39. Stamping in Nutrition:
“THE poor are a gold mine,” wrote economist Thomas Sowell two decades ago,
arguing that often anti-poverty programmes benefit those who administer them
rather than those for whom they are administered. India’s food procurement, storage and distribution system lends
unequivocal support to
Sowell's contention: Out of every Rs. 100 spent on food subsidy in India, only Rs. 3.70 reached the poor in the year 2000-01.
38. The right recipe:
Those of you old enough to remember Mother India, the first Indian film to be nominated for an Oscar,
would remember its hero Sunil Dutt sitting on top of a mound of grain and trying to keep the villain from
taking it away. Well, gone are the days. We now have the Food Corporation of India sitting on top of
a mountain of grain, trying to keep the rains from washing it away. How did we arrive here? What
should be done?
37. On Generating Employment:
Because of its large and growing population, the threat of “employment
problem” is never far from the minds of policymakers in India. Yet, there are
good reasons for the ambivalence of economists towards such a threat. The old
saying that the child is born not just with a mouth to eat but also two hands to
work carries much wisdom.
36. Redeem Last Year's
Promises: Last year, in what was a truly historic budget, Finance
Minister Yashwant Sinha had announced several major reforms.
But the Vajpayee government utterly failed to deliver on them.
The forthcoming budget must offer credible commitment to undo this
Year's Day Special: The
Economic Times invited three economists (Jagdish Bhagwati of Columbia
University, Kaushik Basu of Cornell University and Arvind Panagariya of the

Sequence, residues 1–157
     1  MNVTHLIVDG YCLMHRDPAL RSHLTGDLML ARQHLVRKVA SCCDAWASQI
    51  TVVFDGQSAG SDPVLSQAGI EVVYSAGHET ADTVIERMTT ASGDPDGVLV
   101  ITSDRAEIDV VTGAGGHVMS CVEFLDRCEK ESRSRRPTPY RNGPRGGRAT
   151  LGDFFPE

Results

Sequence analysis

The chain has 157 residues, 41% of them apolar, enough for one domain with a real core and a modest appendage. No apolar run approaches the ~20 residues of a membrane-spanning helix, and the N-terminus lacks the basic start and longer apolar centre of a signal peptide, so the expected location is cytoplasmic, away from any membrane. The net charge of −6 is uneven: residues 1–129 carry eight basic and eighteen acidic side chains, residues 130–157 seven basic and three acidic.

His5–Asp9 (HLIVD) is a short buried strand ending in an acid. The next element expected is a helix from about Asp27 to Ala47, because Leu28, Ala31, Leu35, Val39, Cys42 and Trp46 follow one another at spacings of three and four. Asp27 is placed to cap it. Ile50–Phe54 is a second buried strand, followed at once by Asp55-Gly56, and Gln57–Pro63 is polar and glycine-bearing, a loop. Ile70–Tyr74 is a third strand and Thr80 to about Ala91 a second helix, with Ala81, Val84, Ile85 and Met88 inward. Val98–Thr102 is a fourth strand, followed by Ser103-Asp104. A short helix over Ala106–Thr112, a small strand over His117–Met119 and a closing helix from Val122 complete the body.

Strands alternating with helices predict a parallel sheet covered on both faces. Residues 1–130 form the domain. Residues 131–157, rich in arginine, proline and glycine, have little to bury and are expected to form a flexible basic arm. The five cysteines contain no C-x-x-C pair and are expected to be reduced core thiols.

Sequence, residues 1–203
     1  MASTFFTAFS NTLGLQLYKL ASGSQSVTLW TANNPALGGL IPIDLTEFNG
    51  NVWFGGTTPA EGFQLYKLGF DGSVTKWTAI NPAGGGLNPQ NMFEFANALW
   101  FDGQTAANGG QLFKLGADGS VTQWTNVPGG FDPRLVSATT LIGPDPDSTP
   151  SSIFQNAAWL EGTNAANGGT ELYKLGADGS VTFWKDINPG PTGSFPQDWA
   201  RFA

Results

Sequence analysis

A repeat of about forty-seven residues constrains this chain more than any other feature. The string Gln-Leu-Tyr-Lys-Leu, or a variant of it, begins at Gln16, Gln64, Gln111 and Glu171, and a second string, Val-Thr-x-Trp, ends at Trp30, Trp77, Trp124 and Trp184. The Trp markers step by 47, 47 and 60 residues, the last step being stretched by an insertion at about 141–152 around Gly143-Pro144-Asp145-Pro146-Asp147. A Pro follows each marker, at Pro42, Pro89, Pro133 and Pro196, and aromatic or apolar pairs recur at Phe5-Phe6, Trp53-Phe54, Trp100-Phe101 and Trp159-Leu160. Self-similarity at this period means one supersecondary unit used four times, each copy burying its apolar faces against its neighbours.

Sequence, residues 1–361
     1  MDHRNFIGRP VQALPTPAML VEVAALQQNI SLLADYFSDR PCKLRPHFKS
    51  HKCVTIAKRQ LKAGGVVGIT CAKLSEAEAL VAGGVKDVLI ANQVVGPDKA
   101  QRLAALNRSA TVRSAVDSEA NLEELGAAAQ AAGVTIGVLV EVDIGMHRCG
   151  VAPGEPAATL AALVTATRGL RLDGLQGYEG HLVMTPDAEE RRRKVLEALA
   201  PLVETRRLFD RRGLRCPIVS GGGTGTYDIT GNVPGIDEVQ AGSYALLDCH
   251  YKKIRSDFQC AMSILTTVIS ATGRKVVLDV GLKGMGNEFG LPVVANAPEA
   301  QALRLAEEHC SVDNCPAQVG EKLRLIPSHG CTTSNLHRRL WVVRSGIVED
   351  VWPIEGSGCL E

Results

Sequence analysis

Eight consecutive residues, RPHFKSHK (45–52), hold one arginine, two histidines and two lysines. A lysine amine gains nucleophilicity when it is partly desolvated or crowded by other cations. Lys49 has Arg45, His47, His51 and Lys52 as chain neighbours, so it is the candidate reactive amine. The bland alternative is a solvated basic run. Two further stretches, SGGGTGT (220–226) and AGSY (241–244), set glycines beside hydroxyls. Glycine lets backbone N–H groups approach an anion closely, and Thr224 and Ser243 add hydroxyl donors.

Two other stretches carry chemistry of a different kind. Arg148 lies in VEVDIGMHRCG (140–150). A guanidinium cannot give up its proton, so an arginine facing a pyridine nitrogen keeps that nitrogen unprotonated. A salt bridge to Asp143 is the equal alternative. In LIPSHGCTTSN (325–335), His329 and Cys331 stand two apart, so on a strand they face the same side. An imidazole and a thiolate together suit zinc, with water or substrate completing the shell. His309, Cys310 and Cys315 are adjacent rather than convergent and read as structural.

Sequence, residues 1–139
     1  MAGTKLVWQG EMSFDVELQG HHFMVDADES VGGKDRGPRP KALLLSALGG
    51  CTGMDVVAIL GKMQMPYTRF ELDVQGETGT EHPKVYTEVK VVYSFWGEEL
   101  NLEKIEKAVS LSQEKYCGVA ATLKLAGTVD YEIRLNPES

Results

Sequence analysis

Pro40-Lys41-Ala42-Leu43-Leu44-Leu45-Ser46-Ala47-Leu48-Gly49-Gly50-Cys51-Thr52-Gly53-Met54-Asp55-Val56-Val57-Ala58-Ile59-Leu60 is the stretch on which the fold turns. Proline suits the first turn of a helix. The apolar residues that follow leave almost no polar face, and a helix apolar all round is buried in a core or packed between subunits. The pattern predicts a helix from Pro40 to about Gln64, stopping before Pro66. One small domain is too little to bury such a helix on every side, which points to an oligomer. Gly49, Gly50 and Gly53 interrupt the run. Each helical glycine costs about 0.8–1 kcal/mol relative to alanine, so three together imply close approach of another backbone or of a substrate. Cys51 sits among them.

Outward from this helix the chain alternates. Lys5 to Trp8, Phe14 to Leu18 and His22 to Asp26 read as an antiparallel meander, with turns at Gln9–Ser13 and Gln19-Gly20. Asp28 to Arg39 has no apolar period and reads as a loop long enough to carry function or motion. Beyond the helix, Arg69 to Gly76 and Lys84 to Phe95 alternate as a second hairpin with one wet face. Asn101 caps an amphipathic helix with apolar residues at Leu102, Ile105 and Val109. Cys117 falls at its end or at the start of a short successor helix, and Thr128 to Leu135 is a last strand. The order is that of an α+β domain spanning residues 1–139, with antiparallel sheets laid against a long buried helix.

University of Maryland) and two industrialists (Azim Premji of Wipro and R.
Back to Top
Barriers to Scholarship in India: Our persistence in
obstructing foreign scholars and scholarship in India is unfortunate. We
continue to subject all research projects by foreign scholars to an
elaborate approval process involving one or more ministries.28.
Savouring a Decade of Reforms: THIS month marks the end of the
first decade of India’s economic reforms. What have we accomplished?
India Arrives at the WTO
: If you were at the summit and
heard the frequent assertions in the corridors and the pressroom that
India was hell bent to bring down the launch of the new round, you would
likely believe the harsh assessments that appeared subsequently in the
Western press. But did India truly fair so poorly?
India at Doha (2):If victory and defeat were judged by juxtaposing
the initial objective and final outcome, India suffered an unequivocal
defeat in Doha. But by that count, Doha produced no winners.
Milton Friedman on India in 1955: “A
FIVE per cent per annum rate of increase in real national income seems
entirely feasible...” If these opening words in a memorandum addressed
to the government of India do not impress you, think again: the date on
the memorandum is November 5, 1955 and its author is Milton Friedman,
the 1976 Nobel Laureate in Economics.
Nobel Prize, 2001: This year, I successfully predicted all three
Nobel laureates and surprising a figure no less than Professor Assar